The “they take our jobs” argument is tired and incorrect. Most EU citizens living and working in the UK work hard and pay taxes and contribute positively to our economy and society. That said we do have an employment issue. We have a skills gap in the UK a large pool of unskilled people looking for jobs that are not there. The challenge is to both create jobs, but also to provide the skills training. Not on the cheap, but serious and sustained skills training.

    We should pay people to learn, not stay at home watching TV.

    Goodbye or Good Riddance to the European Union?

    I disagree that we can’t bring about change from within the European Union. It just takes a will to change and, frankly, the political expertise to bring it about. I fear our current state of disenchantment with Europe lies with our politicians who have not engaged as well or as boldly as they should have over the years. After all, it is the Council of Ministers that is the powerhouse at setting the EU Agenda and it is the EU Commissioners that turns the agenda into policy and each EU member state enacts the policy to suite their national interests.

    The last time I checked all UK Prime Ministers are members of the Council of Minsters and the UK has appointed a number of EU Commissioners in each EU Parliament Session; the likes of Kinnock et al. Finally all EU Directives are implemented by the UK Government.

    Economically, socially and, of late, politically we live in truly interesting times, but leaving the EU won’t change how our country currently works. Only we can change how our country works, better immigration policy and controls. Better education and skills training for long term unemployed and a better tax system so that Amazon and Starbucks pay the more tax, not less.

    We will never change our “UK first” mindset and we shouldn’t. We will never really like the EU, but before you think about pulling out, shouldn’t we make sure what we have works as well as it can?

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    1. moraymint · ·

      Thanks very much DC, some good stuff there.

      Would you be willing to prepare a stand-alone post for this blog, airing your thoughts on the future of the EU etc, as well as your experiences as a European citizen, so to speak? Others have done so. I put up guest posts unedited. Let me know.

      Trust you’re well …

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  4. craig · ·

    What a well written piece! Not a lot I can add except to say, I agree. Let’s hope common sense will finally prevail and we can free ourselves from the shackles of Brussels. Kind regards

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    1. moraymint · ·

      Thanks Craig and all the best …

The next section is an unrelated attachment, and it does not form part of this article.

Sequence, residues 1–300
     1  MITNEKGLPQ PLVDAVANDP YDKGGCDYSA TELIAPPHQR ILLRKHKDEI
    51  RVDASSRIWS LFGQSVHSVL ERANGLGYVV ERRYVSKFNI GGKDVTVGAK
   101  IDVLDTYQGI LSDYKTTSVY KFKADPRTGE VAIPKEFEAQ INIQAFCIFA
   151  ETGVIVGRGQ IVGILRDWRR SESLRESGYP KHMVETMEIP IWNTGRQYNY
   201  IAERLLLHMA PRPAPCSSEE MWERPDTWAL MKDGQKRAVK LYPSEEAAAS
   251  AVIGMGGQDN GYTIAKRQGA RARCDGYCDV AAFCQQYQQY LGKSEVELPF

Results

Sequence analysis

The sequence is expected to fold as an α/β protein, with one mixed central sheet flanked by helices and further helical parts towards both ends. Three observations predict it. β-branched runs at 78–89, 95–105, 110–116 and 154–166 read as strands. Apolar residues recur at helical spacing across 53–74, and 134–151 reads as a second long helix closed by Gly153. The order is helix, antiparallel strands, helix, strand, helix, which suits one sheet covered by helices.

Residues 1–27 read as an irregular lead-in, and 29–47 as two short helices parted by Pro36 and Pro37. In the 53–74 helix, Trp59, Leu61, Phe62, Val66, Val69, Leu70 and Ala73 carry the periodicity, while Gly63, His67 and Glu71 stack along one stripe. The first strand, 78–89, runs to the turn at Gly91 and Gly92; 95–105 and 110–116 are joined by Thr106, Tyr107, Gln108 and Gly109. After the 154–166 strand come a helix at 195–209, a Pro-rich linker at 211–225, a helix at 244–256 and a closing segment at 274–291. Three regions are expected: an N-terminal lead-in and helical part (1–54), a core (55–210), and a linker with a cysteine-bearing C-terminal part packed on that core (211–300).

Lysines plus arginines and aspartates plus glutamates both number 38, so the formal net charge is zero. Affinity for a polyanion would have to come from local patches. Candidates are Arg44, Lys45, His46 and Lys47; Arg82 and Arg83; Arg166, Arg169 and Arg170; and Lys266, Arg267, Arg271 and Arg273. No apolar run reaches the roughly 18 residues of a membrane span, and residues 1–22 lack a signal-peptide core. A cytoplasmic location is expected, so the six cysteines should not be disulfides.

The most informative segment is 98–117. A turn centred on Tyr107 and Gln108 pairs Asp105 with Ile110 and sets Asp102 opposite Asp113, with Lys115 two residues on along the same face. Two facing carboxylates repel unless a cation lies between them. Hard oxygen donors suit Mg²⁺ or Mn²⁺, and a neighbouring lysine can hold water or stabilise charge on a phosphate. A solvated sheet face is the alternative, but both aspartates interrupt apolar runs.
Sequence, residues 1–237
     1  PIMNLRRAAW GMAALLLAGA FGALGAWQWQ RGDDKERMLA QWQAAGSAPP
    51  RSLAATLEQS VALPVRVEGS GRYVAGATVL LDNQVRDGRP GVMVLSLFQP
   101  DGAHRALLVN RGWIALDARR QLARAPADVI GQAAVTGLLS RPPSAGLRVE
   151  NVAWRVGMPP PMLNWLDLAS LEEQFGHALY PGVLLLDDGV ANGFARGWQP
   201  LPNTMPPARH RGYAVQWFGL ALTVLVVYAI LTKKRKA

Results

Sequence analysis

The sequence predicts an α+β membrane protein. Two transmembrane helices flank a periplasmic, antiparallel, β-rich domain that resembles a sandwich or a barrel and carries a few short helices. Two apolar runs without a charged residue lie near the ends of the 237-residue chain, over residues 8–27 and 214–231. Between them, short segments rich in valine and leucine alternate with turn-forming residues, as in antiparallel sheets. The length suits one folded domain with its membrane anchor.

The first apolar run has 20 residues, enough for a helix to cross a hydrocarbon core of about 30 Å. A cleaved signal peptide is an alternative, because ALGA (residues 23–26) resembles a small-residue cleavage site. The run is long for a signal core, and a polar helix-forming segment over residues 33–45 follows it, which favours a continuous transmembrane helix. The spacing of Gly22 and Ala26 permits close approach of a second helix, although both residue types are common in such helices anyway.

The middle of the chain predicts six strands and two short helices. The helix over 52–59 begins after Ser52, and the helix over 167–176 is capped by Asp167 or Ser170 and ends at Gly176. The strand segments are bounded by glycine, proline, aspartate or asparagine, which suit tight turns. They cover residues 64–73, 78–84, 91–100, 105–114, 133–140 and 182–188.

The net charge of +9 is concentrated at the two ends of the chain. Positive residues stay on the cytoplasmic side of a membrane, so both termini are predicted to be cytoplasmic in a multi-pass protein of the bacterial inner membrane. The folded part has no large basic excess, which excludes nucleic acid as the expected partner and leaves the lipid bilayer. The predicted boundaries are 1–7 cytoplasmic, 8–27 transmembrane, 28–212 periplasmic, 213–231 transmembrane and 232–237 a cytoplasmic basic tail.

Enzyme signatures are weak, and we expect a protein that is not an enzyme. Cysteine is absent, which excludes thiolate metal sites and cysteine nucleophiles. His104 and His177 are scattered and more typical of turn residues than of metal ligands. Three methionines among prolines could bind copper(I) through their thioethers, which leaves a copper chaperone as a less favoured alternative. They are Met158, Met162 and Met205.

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  5. Bickers · ·

    Excellent piece MM. After last week’s results for UKIP the establishment & MSM will find it increasingly difficult & self defeating to deploy the racist card.

    What’s your take on UKIP gaining an MEP in Scotland?

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    1. moraymint · ·

      Thanks Bickers. I’m pleased that we have a UKIP MEP (with others, of course) representing Scotland. However, to be honest the UKIP organisation generally – not least in Scotland – is pretty shambolic and I think the party would be the first to admit this. If I was to become more directly involved in the workings of UKIP, I should like to think I could offer some “back-office” skills and knowledge to support the appearance and performance of the “front of house” guys.

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  6. hjosbourne · ·

    An excellent post, Moraymint.

    Many thanks for sharing your germane and succinct thoughts.

    Kind regards

    Harry Osbourne

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    1. moraymint · ·

      Thank you Harry. It’s refreshing to be a part of this nascent turnaround in British politics which I certainly hope can be sustained. For too long now we, ordinary citizens, have been taken for the mother-of-all rides by the 3 main political parties. The Liberal, Labour and Conservative parties have coalesced into an homogenous, self-serving, Fabian, Big State, focus-group-led, Europhile mush which Peter Oborne coined as ‘The Triumph of the Political Class’ (see his synonymous book). At last, it looks like UKIP offers at least a means to an end, where the end is the establishment or re-establishment of a richer political tapestry in the UK. I hope I’m not being idealist when I say that. I’m prepared to contribute to the change as far as I’m reasonably able, partly by being active in the debate and partly by getting involved directly with UKIP (as I have done this past year or two).